Croats, Serbs Swap Prisoners; 3 More Killed in Ethnic Clashes
Warring Croats and Serbs on Thursday released dozens more prisoners as part of federal efforts to bolster an unraveling truce, but three people died in more ethnic bloodshed in eastern Croatia.
Members of a federal monitoring commission, alarmed by infractions that indicated the eight-day-old cease-fire might be in danger, hurried to the republic’s Slavonia region to bolster the peace.
More than 200 people have died in fighting since Croatia declared independence June 25.
A fragile cease-fire took effect Aug. 7, but it has been violated dozens of times, with at least 16 deaths in fighting since then between Croats and Serbian militants.
In the latest violence, Croatian Television reported two civilians were found dead near the town of Petrinja. A Croatian guardsman was killed in fighting around Kostajnica, 25 miles to the south, Croatia’s Defense Ministry said.
The Croats two weeks ago lost control of Kostajnica, which lies south of Zagreb and is a key link between Serb-held areas in eastern and southern Croatia. They have since retaken it and have fought almost daily battles to keep it.
In Osijek, a town in the center of Slavonia, 43 Serbs were released from the local jail, Croatian Interior Ministry officials said. Thirty-four Croats were released in Borovo Selo, a Serbian base in Croatia’s richest farming region. About 100 prisoners from both sides were exchanged earlier this week.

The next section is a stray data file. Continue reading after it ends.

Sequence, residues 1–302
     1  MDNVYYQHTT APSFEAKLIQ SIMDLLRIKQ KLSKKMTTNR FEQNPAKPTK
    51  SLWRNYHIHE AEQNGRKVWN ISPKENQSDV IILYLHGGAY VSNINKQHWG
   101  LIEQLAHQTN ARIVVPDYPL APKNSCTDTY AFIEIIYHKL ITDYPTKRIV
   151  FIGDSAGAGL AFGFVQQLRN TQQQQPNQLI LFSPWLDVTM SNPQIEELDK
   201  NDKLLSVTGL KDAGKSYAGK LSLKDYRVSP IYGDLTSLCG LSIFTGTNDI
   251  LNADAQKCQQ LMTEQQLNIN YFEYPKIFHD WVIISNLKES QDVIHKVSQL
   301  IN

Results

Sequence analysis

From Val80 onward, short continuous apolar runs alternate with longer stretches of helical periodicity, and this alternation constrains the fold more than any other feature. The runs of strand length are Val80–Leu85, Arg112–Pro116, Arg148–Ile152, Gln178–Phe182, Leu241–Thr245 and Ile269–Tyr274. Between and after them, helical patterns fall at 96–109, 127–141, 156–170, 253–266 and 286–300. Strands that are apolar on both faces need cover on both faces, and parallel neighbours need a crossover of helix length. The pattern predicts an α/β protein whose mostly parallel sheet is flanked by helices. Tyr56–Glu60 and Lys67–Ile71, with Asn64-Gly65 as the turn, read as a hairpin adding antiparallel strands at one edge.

Osijek has been racked with ethnic violence since early July. On Thursday night, the area suffered the worst mortar attacks in more than a week. Mortar shells hit suburbs, forcing residents to spend the night in shelters, the state news agency Tanjug said.
Artillery duels also were fought between the Croat-held village of Sarvas and the nearby Serb-held stronghold of Bijelo Brdo, and around the town of Beli Manastir.
In a related development, Serbia followed secessionist republics Slovenia and Croatia by devaluing the Yugoslav dinar by about 40% against the German mark.
The moves by the three most economically powerful Yugoslav republics constitute a blow to the federal government, whose market reforms are based on tight money control.